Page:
Good Morning and Happy Monday! This week, science and experimentation have made some great advances lately-thanks to technology. Some have been getting some help from politics and rewards. Still, others are in the experiment stage.
We begin this week with online test proctoring. Webcams can provide us with the ability to take videos and pictures of ourselves and others. This often allows us to create videos and photos which can be smoothly posted on the web. Especially if your smartphone is not at your disposal. Proctor U and others have taken advantage of these capabilities and helped universities proctor online exams. How? Well, by using the webcam to their advantage and tracking eye movement and body language clues to ensure that the student is focused on their exams. A few universities are giving this new a idea a shot, but others are still skeptical as regulations are still key both on and off the camera.
Behind the Webcam’s Watchful Eye, Online Proctoring Takes Hold (Chronicle of Higher Ed.)
Beta Testing Ed. Products Can Get Tricky for Schools (Ed. Week)
Other experiments have been conducted in the realm of K-12. Some of these are still in the exciting Beta-testing stage. But one of the bloggers at EdWeek wonders how much extra work does this force on the administration and teachers?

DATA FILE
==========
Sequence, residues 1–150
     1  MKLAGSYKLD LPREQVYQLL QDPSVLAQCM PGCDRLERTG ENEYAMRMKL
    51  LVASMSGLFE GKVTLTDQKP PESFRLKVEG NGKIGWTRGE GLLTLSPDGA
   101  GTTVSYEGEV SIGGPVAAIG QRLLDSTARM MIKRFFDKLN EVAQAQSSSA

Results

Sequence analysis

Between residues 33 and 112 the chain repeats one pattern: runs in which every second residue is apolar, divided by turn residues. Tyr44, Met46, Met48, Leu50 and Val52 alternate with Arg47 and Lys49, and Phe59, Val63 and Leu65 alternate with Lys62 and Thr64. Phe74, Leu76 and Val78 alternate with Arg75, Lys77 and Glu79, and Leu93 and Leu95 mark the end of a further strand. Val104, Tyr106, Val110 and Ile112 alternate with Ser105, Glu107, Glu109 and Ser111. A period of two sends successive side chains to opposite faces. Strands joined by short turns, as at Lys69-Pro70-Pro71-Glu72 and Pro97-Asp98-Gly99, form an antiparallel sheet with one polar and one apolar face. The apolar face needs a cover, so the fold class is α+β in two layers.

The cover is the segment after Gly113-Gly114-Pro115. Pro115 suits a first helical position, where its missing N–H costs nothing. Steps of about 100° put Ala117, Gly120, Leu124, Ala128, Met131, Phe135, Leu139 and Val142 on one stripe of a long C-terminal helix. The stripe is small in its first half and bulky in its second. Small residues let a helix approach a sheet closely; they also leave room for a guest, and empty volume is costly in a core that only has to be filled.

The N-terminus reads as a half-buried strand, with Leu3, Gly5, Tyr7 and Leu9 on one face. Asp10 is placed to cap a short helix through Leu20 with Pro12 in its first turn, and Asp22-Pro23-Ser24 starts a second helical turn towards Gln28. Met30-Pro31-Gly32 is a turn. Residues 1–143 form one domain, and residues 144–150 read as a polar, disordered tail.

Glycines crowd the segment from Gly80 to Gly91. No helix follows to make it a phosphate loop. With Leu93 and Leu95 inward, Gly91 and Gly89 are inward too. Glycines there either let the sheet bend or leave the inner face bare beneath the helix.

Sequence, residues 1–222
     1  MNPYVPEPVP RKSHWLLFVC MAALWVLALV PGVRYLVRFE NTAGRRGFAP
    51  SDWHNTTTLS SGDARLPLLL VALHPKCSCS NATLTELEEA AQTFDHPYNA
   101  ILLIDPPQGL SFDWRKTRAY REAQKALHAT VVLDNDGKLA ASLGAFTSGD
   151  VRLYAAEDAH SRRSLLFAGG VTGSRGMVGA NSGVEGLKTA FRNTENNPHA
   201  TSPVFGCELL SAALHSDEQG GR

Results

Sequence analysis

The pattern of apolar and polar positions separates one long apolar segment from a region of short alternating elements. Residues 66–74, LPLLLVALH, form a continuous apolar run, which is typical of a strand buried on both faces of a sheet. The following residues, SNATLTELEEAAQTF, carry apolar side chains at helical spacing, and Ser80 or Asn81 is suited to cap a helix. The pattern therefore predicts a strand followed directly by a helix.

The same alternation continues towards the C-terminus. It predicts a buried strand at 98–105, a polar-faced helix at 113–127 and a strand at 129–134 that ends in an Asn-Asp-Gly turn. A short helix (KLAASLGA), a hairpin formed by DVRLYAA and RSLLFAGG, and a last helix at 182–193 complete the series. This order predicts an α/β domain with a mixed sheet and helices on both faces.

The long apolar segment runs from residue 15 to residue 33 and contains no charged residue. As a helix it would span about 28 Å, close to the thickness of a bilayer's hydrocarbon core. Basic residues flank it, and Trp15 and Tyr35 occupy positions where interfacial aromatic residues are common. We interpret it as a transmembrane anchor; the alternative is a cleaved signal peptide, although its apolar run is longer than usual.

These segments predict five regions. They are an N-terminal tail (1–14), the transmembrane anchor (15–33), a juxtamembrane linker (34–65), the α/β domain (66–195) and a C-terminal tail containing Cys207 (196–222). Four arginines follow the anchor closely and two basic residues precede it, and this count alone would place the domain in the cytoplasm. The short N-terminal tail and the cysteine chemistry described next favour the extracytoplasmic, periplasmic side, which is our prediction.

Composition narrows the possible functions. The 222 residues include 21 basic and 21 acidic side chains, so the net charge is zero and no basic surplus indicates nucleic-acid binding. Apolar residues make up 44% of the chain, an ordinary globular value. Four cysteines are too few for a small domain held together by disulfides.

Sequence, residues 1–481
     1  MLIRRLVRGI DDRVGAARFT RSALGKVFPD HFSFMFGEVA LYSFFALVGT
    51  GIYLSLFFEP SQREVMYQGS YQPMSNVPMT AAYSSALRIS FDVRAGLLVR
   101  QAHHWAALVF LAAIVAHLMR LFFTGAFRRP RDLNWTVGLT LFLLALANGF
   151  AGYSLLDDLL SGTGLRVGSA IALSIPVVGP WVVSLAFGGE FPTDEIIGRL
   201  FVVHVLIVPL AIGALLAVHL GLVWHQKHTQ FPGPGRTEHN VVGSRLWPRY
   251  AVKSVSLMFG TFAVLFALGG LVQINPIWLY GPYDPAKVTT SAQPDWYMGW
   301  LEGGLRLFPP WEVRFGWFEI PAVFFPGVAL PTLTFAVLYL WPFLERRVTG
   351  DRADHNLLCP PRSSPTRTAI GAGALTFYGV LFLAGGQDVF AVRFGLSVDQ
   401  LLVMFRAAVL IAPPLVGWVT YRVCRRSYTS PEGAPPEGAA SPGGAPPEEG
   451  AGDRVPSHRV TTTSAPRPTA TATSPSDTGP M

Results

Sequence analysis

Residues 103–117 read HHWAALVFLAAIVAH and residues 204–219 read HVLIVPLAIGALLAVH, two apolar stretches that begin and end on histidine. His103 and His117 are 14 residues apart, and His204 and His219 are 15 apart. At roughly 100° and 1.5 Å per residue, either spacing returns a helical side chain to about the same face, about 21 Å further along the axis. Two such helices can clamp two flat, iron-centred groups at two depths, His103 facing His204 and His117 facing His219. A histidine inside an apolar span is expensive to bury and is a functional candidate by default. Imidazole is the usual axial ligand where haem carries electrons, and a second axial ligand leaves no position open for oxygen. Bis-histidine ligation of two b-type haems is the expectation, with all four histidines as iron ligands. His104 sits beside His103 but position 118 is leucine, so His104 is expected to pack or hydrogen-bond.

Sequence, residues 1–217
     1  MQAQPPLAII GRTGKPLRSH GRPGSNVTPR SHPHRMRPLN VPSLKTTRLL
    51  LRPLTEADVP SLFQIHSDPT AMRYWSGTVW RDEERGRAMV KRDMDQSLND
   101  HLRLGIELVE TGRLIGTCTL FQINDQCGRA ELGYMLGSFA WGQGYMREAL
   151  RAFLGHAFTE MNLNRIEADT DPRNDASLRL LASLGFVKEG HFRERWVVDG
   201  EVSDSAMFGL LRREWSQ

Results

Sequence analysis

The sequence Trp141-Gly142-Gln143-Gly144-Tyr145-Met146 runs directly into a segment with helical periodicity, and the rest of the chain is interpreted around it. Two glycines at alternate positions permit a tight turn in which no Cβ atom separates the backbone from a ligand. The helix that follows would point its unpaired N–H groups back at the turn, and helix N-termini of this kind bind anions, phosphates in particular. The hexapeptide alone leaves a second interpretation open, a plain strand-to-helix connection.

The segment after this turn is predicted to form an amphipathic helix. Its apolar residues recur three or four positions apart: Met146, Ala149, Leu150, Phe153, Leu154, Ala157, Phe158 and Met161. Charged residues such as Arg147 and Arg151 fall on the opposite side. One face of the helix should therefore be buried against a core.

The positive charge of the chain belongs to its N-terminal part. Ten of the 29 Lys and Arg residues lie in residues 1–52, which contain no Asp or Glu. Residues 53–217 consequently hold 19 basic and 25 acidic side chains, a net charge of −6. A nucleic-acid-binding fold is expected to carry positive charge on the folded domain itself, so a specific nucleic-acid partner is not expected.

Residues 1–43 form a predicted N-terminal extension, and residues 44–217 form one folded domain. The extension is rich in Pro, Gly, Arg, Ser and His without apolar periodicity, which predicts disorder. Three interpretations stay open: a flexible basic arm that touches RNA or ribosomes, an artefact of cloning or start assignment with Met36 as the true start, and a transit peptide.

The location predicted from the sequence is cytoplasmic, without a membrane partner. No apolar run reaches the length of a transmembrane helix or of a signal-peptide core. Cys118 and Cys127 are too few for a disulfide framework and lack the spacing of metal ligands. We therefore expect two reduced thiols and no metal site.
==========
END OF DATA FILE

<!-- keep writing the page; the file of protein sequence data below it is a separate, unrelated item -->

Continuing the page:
Obama Announces STEM AmeriCorps Initiative at Science Fair (Ed. Week)
On April 22nd, President Obama held the 3rd annual Science Fair at the White House. According to our Pres., these inventions and science experiments made by students have shown him that there is a need to pay special attention to these STEM subjects.This time, Obama is calling on Americorps, and First to work together to further advance the world of science and robotics in K-12 curricula.
Immigration Bill Would Help DREAMERs, Boost STEM (Ed. Week)
Immigration reform is in the forefront of the US Congress’ mind these days. In particular, the focus is on a certain act that would allow children who came to the US without documentation to become American citizens more quickly.This bill also has called for an increase in H1-B visas, which is for temporary working engineers and also funds to help STEM programs at minority universities.
Video: President Obama honors Jeff Charbonneau as Teacher of the Year (The Seattle Times)
Last but not least, one teacher’s advancements in science through robotics and resourcefulness has been rewarded. Jeffrey Charbonneau of Zillah, was awarded with the 63rd National Teacher of the Year award, for his efforts in transforming his schools formerly troubled science curriculum. Feel free to watch the ceremony here, courtesy of the Seattle Times.
Have a great week! In other news…
Facebook, Attorneys General Announce New Security Campaign (Ed. Week)
Social-Media Use Grows at Colleges, Despite Little Dedicated Staff (Chronicle of Higher Ed.)
Before MOOCs, ‘Colleges of the Air’ (Chronicle of Higher Ed.)